America was 200 years accumulating a national debt of a half-trillion dollars. Now, just six years later, the debt is approaching $1 trillion – albeit today’s inflation devaluated dollars ”aren’t what they used to be.”
The colonial government issued $2 million in paper money in 1775, initial step toward financing the Revolutionary War.
That and further obligations eventually were paid off. But new generations brought new debts, with the curve sweeping sharply upward in recent decades.
In 1975, Treasury records show, the federal debt moved from $475 to $534 billion, breaking the half-trillion-dollar barrier. Next November or December it is projected to reach $1 trillion despite the new Reagan regime’s commitment to reverse the deficit spending tide.
How does a well-resourced nation like the U. S. find itself with so awesome a debt, now requiring annual interest payments approaching $100 billion?
Obviously the Founding Fathers didn’t intend debt as a “business as usual” pattern. In 1790 the first Congress under the Constitution charted a program for repaying the $76 million incurred by the central government and the colonies during the Revolution.
That same year. James Madison wrote in a letter to Henry Lee: “… a public debt is a public curse … ”
And in 1796, George Washington counseled in his farewell address: ” …cherish public credit … use it as sparingly as possible … avoiding likewise the accumulation of debt in time of peace to discharge the debts which unavoidable wars may have occasioned, not ungenerously throwing upon posterity the burden which we ourselves ought to bear.”
By 1835, under President Andrew Jackson, all obligations had been paid – the government was debt-free. Indeed tariffs and proceeds from sale of public lands had built a small surplus. The Civil War (1861-65) changed the picture for the nation of 33 million people. Spending in four years exceeded federal outlays for the entire previous period of national independence.
Yet with the revenues generated, including an income tax, the debt was held to $2.7 billion – a huge sum in those days.
Successive administrations cut the debt to $1.12 billion by 1890. The level was at $1.23 billion in 1916, but World War I involvement boomed it to $25.5 billion in 1919.
Eleven years of budget surpluses whittled the national obligation to $16.2 billion (132 per capita) by 1930. Until that time, a conscientious effort evidently was made toward retiring the debt. Then a turning point: The economic depression of the thirties followed by World War II started the nation on a red ink spending course which has seen only eight balanced budgets in 51 years.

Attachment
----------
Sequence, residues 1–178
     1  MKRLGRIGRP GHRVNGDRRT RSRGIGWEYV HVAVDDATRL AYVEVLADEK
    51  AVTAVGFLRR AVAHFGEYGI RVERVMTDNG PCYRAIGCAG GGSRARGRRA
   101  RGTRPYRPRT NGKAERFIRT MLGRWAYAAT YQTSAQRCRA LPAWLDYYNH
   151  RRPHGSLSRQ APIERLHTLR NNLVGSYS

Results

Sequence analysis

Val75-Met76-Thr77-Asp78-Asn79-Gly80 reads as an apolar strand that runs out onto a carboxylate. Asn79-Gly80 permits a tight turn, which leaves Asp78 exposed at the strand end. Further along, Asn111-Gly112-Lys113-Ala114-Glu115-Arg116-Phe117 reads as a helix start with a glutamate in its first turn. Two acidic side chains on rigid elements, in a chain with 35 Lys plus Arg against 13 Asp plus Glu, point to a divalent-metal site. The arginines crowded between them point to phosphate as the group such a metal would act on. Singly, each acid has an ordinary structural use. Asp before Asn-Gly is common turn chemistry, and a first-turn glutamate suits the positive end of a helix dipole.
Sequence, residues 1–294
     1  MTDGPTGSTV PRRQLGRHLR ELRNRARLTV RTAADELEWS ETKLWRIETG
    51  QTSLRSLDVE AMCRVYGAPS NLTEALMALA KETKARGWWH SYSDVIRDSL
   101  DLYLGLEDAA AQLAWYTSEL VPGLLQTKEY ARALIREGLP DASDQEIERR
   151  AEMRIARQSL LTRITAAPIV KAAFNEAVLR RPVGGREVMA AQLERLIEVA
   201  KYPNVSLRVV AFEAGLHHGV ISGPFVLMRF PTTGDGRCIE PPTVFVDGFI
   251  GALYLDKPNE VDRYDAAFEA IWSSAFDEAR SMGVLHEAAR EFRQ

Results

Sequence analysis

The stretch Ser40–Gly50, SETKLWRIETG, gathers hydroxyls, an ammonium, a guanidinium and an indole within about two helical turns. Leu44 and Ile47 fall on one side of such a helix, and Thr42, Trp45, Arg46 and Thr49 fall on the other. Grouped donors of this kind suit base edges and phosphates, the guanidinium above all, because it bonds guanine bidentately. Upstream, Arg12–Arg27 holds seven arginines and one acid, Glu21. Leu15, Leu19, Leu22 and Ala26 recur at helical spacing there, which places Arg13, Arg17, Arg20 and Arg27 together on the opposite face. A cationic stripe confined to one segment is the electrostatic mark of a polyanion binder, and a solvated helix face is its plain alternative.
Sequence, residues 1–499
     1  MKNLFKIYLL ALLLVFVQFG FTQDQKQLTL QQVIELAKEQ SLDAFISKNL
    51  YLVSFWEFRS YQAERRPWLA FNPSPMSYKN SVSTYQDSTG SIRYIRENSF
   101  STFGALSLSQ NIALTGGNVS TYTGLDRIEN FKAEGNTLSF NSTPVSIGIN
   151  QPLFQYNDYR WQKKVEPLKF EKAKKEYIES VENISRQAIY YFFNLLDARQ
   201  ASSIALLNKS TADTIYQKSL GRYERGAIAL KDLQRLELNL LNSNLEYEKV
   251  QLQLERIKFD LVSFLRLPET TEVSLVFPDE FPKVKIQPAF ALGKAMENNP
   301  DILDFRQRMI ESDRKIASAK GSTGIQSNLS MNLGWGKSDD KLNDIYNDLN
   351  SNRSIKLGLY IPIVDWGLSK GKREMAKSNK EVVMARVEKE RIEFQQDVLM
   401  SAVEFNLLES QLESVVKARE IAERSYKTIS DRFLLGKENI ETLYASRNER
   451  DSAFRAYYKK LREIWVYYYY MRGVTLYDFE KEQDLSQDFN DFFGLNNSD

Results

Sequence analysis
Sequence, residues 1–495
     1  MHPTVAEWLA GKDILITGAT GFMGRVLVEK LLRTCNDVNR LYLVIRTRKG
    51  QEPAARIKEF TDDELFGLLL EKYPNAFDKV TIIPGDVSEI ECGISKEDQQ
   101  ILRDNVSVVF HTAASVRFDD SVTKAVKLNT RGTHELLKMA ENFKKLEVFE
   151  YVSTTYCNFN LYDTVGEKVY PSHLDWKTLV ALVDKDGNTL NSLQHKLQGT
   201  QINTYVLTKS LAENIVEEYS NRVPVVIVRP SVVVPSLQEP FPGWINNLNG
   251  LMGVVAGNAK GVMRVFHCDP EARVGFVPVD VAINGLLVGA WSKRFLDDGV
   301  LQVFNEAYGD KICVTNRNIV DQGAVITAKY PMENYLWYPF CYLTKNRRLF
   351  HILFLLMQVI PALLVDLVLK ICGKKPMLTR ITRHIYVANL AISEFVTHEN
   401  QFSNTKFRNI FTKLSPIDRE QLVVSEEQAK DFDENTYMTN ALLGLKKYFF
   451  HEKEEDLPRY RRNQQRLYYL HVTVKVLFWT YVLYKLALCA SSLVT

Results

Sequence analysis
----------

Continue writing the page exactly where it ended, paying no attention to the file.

It was in 1920 that British economist John Maynard Keynes advanced his concepts of broad government spending to promote jobs and high level national income. Keynesian economics apparently were put to work in this country in President Franklin D. Roosevelt’s “New Deal” to counter the depression. The national debt went to $43 billion by 1940.
World War II accelerated spending and pushed the federal debt to $269 billion in 1946 ($1,911 per capita). Twenty years later the U. S. was well into the Vietnam War with a debt level of $316 billion that climbed to $458 billion in 1973, the year that war ended.
It had taken 173 years – from the founding of the Republic in 1789 to 1962 – for federal spending to reach a yearly total of $100 billion. Not even in World War II did we spend that much in a single year.
The spending base was broadening now, however. Commitments expanded for social-welfare programs, grants to states and localities by a generous Congress, defense, and interest on the debt.
Government outlays soared past $200 billion in 1971. $300 billion in 1975, $400 billion in 1977, and $500 billion in 1980. Spending of $662 billion is projected for fiscal 1981 and the Reagan administration is hoping to reduce the Carter regime’s budget of $739 billion for fiscal 1982 to a ceiling of $695.3 billion.
Annual deficits, meanwhile, pushed the debt all the way to $935 billion as of Jan. 30, 1981, according to Treasury figures quoted in the Congressional Record. That amounted to about $4,125 per capita.
Inflation, which has shrunken the dollar’s value, has accounted in part for the astronomical figures. The Consumer Index of November 1900 showed the 1967 dollar was worth only 39.7 cents at that time.
The budget last was balanced in 1969 in the Richard Nixon presidency. The seven other balanced budgets in the half century included three under Dwight Eisenhower and four under Harry S. Truman.